Eh, What Was That?

 



 

Beginning Lesson Design

 By: Laura Lee Nevins

 

Rationale:

In order to become better readers and decoders, children need to understand that letters represent vocal gestures or phonemes. Before children can match letters to phonemes, they need to be able to recognize phonemes in spoken words. This lesson plan will help students to identify the correspondence e=/e/ by recognizing the sound of an elderly person ‘eh?’ throughout words.

 

Materials:

Picture of a person who is hard of hearing (found at http://office.microsoft.com/en-us/clipart/results.aspx?qu=hearing&sc=20#12)

Chart paper with ‘‘Eddie’s eleven elephants entered the elevator’‘

Red Gets Fed by S. Cushman (1990). Carson, California: Educational Insights.

Elkonin boxes for each student and the teacher

The following letter tiles in plastic bags (one per student): b, e, d, f, p, t, s, n, l, t

Primary paper- one per student

Pencil- one per student

Matching worksheet with pictures that have the /e/ sound and a list of words that the student has to match to the correct picture.
(4 pictures include: bed, egg, tent, and elephant) (word choices include: bed, pillow, bath / egg, bacon, milk / tent, outside, camp / elephant, dog, hippo)

 

Procedure:

1.     I will start the lesson by writing the letter e on the board. I will ask, ‘‘Who knows what letter this is?’‘ ‘‘Good job! It’s the letter e!’‘ ‘‘What sounds does the letter e make?’‘ ‘‘That’s right! It sounds like what your granddad would say if he did not hear what you were saying’‘ ‘‘He would cup his ear and say ‘eh’ everyone do the motion with me and make the sound!’‘

 

2.     ‘‘Now let’s read this tongue twister together.’‘ ‘‘I’ll read it first then you echo me.’‘ ‘‘Eddie’s eleven elephants entered the elevator.’‘ ‘‘Now your turn.’‘ ‘‘Good job, now lets say it again and this time stretch out that /e/ sound. Remember to cup your ear like your trying to hear.’‘ Eeeeddie’s eeeeeleven eeeeelephants eeeeentered the eeeelevator.’‘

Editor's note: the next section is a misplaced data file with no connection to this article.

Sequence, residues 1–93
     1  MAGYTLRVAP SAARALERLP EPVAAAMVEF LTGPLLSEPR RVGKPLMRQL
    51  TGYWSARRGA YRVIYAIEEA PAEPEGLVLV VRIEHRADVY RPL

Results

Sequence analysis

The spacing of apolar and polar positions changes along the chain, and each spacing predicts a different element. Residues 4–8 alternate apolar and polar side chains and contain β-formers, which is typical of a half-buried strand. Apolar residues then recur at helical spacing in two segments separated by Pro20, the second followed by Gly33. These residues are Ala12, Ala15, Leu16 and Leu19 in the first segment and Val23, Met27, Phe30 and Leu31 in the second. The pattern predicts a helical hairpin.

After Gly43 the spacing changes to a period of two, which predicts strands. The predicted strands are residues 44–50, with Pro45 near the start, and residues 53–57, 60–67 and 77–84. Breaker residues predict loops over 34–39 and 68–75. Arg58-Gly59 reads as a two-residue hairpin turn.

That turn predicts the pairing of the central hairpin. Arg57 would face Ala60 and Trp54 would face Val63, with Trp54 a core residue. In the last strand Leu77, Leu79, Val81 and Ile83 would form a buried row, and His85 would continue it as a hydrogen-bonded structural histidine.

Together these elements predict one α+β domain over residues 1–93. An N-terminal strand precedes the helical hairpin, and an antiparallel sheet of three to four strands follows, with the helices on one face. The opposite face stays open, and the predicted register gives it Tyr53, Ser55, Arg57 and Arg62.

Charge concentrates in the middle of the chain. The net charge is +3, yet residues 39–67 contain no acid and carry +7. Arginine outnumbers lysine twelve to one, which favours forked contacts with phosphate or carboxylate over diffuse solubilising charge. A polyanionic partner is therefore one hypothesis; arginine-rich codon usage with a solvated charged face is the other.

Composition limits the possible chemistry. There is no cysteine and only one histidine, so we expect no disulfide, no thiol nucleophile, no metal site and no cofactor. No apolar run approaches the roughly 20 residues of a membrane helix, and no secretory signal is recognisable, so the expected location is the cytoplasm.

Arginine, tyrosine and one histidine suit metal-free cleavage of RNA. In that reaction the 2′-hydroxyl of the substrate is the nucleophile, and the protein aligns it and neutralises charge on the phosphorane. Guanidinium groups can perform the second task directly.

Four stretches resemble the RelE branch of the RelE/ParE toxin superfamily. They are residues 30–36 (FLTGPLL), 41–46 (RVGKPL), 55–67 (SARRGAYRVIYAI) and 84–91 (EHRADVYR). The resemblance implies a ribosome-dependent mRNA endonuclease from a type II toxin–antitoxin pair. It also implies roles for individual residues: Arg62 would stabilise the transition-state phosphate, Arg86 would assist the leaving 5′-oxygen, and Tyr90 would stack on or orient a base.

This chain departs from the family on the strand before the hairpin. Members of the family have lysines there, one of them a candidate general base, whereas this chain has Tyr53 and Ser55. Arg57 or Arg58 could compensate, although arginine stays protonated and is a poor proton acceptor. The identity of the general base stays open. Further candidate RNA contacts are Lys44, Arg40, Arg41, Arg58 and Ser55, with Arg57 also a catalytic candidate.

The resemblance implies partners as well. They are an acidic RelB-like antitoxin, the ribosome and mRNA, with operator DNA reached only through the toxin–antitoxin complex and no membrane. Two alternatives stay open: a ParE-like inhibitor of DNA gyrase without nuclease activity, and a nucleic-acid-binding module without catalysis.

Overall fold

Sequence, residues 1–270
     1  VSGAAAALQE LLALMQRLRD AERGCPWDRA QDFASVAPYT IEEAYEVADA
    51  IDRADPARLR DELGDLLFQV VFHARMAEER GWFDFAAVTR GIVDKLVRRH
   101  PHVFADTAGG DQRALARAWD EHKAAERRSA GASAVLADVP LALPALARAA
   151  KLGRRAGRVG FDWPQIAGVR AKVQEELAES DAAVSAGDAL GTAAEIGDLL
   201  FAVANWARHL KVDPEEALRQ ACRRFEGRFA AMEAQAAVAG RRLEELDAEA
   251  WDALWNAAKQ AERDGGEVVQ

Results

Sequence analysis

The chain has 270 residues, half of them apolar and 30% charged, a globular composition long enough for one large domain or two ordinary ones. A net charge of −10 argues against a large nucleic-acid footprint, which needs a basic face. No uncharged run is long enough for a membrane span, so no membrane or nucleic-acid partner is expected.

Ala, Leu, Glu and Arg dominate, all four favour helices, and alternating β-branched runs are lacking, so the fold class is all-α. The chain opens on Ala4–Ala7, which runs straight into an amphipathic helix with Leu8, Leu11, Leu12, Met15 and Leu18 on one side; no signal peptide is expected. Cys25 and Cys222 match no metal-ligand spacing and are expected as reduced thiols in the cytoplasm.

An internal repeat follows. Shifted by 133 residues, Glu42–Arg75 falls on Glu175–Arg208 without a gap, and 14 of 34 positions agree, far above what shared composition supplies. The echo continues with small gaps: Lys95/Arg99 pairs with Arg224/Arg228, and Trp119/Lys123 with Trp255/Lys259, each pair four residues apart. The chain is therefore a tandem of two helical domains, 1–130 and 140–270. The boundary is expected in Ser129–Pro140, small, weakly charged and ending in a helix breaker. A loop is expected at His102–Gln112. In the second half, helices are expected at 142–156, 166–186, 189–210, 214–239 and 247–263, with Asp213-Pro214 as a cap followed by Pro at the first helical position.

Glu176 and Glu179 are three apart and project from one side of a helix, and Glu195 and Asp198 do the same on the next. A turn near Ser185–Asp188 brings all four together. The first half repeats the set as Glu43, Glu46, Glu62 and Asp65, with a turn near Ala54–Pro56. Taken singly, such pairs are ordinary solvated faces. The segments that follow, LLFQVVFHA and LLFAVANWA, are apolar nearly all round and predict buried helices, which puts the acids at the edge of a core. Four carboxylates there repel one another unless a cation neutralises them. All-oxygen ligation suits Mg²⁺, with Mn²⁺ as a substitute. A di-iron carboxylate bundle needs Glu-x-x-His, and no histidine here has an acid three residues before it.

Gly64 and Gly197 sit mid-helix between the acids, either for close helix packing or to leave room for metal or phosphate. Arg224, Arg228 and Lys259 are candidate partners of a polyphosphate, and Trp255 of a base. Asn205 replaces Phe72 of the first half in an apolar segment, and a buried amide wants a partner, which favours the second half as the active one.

3.     ‘‘Now let’s see if you can tell me if you hear the /e/ sound in the word smell.’‘ ‘‘S-s-s-sm-sm-sm-e-e-e-e-l-l-l.’‘ ‘‘Did you hear it? Good job!’‘ I will write the word smell on the board and point to the appropriate letter as I model how to blend the word. Then I will have the students blend the word with me. ‘‘Now let’s see if you hear the /e/ sound in some other words, cup your hands to your ear when you hear it.’‘ ‘‘Do you hear /e/ in bed or door, egg or bacon, dress or skirt?’‘ ‘‘Great job!’‘

 

4.     ‘‘Now I need everyone to open up their plastic baggies with letters in them.  Turn them all so the letter if facing up.  Get your letter box and open it up as well.’‘  I am going to first model a word then we are going to do the rest together!  My word is bed.  Ok, I hear the /e/ (eh) in bed. I hear the sound /b/ before my /e/ so I will put the letter b then the letter e.  Ok now, b-e-d-d-d. I heard ‘‘d’‘.  b-e-d. Ok now you try with these words (I will say them one at a time and walk around to observe the students):  fed, pet, send, test, dent, blend, and slept. If a child has misspelled a word, I will read the word as they have spelled it to see if they will self-correct their spelling.  If they cannot self-correct the spelling, I will model the correct spelling for the child. I will then write the words on the board and have students read them. I will be observing as they read. If they struggle, I will help them by using body- coda blending.

 

5.      Now, I will introduce the /e/ themed decodable book Red Gets Fed to the students.  I will give a short book talk. ‘‘This is Meg and she has a pet dog named Red. Red is very hungry and can’t seem to wake anyone up to feed him this morning! I wonder if Red ever gets fed? I guess we’ll have to read it to find out! ‘‘When you hear the /e/ sound cup your ear with your hand!" The students will then divide into groups and read the book to eachother. Every student will read the book once. I will be observing and taking miscues.

 

6.     I will now let the students write a message about when they would have fed Red. They will each have a piece of primary paper and a pencil. I will walk around and observe the student’s writing.

 

7.     I will then assess the student’s by giving them a worksheet that has pictures of different things that have the /e/ sound in them. The pictures will have a list of four words next to them. The student will have to match the correct word to the picture.(Description in materials list)

 

Reference:

Barton, Kimberly http://www.auburn.edu/academic/education/reading_genie/odysseys/bartonbr.html

Cushman, S. Red Gets Fed (1990). Carson, California: Educational Insights.

Murray, Bruce. The Reading Genie http://www.auburn.edu/academic/education/reading_genie/letbox.html

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